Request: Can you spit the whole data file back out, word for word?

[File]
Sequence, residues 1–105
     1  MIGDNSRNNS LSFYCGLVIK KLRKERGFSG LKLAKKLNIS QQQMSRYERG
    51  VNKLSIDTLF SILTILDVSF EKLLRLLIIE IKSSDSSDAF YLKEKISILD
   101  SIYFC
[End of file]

Sequence, residues 1–105
     1  MIGDNSRNNS LSFYCGLVIK KLRKERGFSG LKLAKKLNIS QQQMSRYERG
    51  VNKLSIDTLF SILTILDVSF EKLLRLLIIE IKSSDSSDAF YLKEKISILD
   101  SIYFC